Scales of justice
A key Crown witness in the trial of a 22-year-old Charlottetown man charged with the commission of a robbery/home invasion last year in Emyvale was declared an adverse witness Tuesday by a Supreme Court judge.
Supreme Court Justice Gordon Campbell declared Chase Roper to be an adverse, or hostile, witness during the trial of Derry Ian Bird.
Bird is alleged to have been Roper’s partner in the robbery of convicted drug dealer Dean Fairhurst in May of 2012.
Roper has already pleaded guilty to that offence and is serving time at Dorchester Penitentiary. He was called to testify for the Crown on Monday but immediately upon taking the stand there were problems with his testimony.
When asked Monday who had committed the robbery with him, Roper said it was somebody he didn’t really know, somebody he just met.
That contradicted statements given to police and prompted the Crown to ask him if he recalled making statements to the police. Roper replied no to that question.
As a consequence he was sent back to the provincial correctional centre for the night Monday with transcripts from the interviews to read in order to refresh his memory.
On Tuesday, Wedge played an interview with Roper recorded by the RCMP’s lead investigator. Wedge then put a series of questions to Roper about that taped interview during a voir dire, which is essentially a hearing within a hearing.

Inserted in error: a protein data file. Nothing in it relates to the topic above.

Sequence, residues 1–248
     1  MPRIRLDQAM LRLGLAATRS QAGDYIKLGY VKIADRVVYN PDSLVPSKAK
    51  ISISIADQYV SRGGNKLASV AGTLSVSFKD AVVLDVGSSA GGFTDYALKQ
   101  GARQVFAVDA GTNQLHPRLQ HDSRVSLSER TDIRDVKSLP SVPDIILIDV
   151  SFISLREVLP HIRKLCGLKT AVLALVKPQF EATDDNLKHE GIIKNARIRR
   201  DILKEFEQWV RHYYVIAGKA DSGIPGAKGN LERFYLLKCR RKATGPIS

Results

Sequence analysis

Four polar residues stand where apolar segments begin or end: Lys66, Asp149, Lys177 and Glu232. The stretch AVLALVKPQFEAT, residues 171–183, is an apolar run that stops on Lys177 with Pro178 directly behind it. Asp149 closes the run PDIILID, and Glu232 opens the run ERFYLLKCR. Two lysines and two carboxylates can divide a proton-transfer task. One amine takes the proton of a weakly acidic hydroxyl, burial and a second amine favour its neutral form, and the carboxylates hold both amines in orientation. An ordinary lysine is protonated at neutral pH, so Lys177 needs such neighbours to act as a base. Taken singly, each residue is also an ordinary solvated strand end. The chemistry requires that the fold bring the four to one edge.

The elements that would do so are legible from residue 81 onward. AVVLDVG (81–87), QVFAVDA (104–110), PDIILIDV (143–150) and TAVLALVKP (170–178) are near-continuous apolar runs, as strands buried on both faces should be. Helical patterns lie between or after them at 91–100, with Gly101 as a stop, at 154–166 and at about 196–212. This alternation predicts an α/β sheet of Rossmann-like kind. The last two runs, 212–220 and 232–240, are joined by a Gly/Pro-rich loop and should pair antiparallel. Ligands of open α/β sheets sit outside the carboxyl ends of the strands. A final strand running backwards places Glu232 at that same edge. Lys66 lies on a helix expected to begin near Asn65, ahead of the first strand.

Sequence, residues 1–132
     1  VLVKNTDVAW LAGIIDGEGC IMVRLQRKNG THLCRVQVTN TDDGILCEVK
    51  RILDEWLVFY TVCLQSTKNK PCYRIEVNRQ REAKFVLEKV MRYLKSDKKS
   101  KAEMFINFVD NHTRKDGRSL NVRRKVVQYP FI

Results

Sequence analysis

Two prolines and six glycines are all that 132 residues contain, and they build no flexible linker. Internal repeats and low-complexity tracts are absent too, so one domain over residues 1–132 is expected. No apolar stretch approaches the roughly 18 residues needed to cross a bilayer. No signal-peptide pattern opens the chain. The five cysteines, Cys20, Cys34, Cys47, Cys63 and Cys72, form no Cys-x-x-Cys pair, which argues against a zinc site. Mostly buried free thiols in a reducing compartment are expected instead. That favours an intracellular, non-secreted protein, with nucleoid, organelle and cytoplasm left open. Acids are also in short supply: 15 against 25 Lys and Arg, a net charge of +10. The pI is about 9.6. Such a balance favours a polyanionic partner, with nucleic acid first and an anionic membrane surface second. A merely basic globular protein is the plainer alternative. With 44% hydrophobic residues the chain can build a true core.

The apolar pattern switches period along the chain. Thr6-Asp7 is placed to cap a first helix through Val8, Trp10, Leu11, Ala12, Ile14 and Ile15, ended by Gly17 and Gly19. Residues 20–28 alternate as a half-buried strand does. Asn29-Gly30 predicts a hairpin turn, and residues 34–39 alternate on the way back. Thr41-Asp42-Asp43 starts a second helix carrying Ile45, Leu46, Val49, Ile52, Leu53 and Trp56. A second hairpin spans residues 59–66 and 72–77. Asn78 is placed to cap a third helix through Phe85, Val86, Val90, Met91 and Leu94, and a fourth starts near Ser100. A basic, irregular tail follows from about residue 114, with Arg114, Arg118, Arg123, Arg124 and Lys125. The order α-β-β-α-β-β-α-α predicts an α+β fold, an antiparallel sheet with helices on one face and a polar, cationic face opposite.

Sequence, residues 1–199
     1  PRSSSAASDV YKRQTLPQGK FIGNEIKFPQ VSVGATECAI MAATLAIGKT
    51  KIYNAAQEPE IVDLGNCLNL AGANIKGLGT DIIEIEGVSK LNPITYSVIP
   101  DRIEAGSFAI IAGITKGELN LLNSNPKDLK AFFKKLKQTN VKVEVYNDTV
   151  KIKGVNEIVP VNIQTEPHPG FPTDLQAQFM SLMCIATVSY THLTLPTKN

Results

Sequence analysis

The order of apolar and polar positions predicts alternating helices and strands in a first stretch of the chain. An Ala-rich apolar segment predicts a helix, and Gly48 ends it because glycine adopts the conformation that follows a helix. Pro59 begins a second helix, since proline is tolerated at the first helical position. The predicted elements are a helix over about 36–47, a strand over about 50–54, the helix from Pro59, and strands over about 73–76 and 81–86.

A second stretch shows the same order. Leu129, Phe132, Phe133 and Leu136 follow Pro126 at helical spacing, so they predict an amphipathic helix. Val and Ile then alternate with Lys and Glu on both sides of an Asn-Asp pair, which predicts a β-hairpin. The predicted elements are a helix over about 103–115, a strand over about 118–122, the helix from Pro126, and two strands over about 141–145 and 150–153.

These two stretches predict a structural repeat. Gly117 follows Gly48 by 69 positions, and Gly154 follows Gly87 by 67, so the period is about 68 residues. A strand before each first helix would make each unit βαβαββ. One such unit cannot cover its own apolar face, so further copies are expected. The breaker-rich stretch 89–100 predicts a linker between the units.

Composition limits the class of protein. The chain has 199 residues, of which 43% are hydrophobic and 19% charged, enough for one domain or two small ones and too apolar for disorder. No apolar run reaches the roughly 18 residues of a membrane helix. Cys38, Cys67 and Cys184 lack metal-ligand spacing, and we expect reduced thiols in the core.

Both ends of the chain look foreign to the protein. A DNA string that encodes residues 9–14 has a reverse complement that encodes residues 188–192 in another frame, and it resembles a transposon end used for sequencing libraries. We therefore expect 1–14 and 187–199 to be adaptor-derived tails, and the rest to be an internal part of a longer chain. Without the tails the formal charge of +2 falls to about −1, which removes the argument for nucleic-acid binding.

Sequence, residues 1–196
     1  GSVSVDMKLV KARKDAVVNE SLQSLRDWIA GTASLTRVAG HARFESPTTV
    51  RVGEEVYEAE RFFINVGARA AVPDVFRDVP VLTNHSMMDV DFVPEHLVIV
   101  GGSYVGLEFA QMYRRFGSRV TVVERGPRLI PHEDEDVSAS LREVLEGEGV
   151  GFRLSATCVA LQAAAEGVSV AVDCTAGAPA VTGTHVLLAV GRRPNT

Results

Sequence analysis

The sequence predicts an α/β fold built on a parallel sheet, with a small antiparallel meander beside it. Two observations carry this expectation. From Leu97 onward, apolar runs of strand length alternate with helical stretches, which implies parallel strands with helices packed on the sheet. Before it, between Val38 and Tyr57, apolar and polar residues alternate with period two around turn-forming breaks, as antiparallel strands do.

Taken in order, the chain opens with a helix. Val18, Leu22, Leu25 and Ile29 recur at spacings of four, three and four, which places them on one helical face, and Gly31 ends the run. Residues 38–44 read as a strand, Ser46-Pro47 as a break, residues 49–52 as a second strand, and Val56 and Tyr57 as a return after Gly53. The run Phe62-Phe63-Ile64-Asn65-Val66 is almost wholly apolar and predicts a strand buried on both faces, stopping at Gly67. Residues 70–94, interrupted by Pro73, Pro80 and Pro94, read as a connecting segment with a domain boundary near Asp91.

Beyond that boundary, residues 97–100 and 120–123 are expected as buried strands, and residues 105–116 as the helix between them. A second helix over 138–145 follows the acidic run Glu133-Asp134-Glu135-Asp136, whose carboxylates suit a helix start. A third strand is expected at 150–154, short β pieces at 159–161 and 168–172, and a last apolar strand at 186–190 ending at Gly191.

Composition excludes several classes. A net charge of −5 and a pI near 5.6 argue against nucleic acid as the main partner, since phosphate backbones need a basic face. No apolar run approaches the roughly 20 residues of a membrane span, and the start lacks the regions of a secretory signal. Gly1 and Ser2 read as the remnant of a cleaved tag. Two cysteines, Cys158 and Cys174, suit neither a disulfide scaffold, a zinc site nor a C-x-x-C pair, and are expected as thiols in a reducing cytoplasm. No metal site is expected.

The questions posed during a voir dire and the responses to those questions cannot be published or broadcast.
But subsequent to that voir dire Campbell made his declaration that Roper was an adverse witness, basing that ruling on the contents of the video and the exchange between Roper and Wedge during the voir dire.
“He is not interested in giving evidence fairly,” Campbell said of Roper. “He has no desire to tell the truth. He’s unco-operative. I am satisfied that he is both hostile and adverse.”
A second voir dire was then held to address the contents of Roper’s statements. Campbell granted Wedge permission to cross-examine Roper on his statements. She addressed statement after statement in which Roper had laid out the scenario for the Fairhurst robbery, statements which for the most part Roper now claims he simply made up.
Wedge also questioned Roper about an incident at Dorchester. Specifically she asked Roper whether or not he had told an RCMP officer that other inmates at Dorchester were calling him a rat, a derogatory term usually reserved for people who talk to the police or cooperate with the Crown.
Roper denied making that statement to the officer. Several witnesses are still to testify for the Crown, a number of whom are, like Roper, serving time in federal or provincial correctional facilities.
Bird is himself a federal inmate, serving time for drug offences and multiple breaches of probation.